With Buster Keaton,  Anita Page, Cliff Edwards, Frank Rowan, Norman Phillips Jr.
Directed by Zion Myers and Jules White
 Black and White
Reviewed by JB

     Buster Keaton did not want to be in SIDEWALKS OF NEW YORK and more than two decades later, he still loathed the film, telling an interviewer in 1958 "I knew before the camera was put up for the first scene that it was practically impossible to get a good motion picture".  He considered SIDEWALKS OF NEW YORK to be one of the worst films he ever appeared in.  In retrospect, Keaton has appeared in worse films.  Far worse.

     The biggest problem with SIDEWALKS OF NEW YORK is the same problem that plagues many Keaton talkies: it is not a Buster Keaton film.  It is a film starring Buster Keaton, but it could just as well starred anybody else.  He plays a character that is not Buster Keaton in a film written by people who were not Buster Keaton and directed by two people who were not Buster Keaton.  The only reason the character of Harmon, a rich man who tries to help a group of kids from the slums, seems like Buster Keaton is because he does pratfalls.  Tons of them.  Many are spectacular but over the course of 75 minutes, you may get the idea that pratfalls were the only thing Keaton was allowed to bring to the film, because there is hardly a scene which does not have him stumbling, falling or tripping.  He's also given two extended physical routines in the film - the first a boxing match at the gymnasium he has built for the neighborhood kids, the second a tussle with overcooked duck dinner.  I don't know if Keaton had anything to do in the developing of these routines, but neither is terribly funny.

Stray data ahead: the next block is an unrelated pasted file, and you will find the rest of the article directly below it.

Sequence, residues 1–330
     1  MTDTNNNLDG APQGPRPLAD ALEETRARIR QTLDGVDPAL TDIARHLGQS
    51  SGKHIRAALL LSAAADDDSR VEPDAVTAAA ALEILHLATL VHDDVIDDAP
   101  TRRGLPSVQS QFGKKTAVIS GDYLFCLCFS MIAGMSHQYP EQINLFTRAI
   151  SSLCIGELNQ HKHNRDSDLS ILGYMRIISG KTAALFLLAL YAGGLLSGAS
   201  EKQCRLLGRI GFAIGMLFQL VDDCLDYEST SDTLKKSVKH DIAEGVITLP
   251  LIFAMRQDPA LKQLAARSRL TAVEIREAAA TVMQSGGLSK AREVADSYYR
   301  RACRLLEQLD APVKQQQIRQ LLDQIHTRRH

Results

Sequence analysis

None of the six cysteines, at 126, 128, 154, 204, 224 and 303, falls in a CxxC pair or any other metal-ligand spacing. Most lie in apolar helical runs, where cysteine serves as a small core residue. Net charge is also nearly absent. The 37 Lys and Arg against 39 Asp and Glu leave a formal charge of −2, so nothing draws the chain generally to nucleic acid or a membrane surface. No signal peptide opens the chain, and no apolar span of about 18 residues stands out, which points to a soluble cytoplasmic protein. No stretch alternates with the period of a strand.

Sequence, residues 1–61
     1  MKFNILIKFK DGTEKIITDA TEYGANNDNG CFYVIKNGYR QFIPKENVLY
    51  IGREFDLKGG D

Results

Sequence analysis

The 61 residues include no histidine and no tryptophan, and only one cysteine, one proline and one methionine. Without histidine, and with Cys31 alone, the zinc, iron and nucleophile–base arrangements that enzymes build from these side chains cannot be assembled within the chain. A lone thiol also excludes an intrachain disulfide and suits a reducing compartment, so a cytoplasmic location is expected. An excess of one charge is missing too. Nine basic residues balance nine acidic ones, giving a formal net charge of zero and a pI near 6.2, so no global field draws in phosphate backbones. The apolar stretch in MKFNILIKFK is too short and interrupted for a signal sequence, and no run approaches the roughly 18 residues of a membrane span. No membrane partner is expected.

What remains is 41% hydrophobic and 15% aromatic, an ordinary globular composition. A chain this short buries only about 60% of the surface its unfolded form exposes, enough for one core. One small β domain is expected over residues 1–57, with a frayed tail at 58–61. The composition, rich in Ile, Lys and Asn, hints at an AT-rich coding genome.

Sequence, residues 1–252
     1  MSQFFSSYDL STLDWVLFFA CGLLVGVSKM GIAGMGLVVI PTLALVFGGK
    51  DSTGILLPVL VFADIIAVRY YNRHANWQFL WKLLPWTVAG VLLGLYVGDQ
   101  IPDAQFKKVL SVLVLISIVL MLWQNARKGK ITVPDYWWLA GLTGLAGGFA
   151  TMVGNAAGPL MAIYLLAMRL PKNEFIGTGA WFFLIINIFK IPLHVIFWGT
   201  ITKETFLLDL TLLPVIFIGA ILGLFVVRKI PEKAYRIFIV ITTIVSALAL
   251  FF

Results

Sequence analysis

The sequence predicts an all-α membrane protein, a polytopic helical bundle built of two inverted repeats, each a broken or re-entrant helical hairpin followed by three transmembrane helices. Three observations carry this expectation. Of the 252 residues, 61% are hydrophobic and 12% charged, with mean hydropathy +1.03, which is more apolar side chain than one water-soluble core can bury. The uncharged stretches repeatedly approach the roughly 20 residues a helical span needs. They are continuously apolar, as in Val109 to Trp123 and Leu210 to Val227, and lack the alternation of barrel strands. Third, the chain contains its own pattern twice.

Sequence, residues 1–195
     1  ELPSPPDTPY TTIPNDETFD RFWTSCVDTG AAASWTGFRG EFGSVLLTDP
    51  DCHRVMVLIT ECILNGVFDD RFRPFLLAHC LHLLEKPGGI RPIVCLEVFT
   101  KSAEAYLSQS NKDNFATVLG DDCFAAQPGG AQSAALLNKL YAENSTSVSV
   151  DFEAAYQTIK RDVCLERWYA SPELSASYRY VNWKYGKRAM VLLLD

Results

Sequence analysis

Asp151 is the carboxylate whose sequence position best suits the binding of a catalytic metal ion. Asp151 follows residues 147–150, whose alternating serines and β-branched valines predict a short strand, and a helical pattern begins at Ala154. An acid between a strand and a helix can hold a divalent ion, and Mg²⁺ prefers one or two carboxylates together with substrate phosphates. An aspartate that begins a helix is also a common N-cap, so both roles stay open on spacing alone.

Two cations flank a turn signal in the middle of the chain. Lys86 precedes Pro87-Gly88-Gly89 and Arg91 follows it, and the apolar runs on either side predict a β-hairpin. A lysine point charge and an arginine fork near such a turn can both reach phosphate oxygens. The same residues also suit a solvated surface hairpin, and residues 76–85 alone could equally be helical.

The most intriguing scene takes place early in the film, with Keaton in court.  Here, he does a "take off your hat/raise your right hand" routine which would later become one of Curly Howard's signature moments in the Three Stooges short Disorder in the Court.  Other than that, SIDEWALKS OF NEW YORK pleasant but forgettable, something that could be said about much of Keaton's post-silent output. ½ - JB

Buster Keaton    The Age of Comedy


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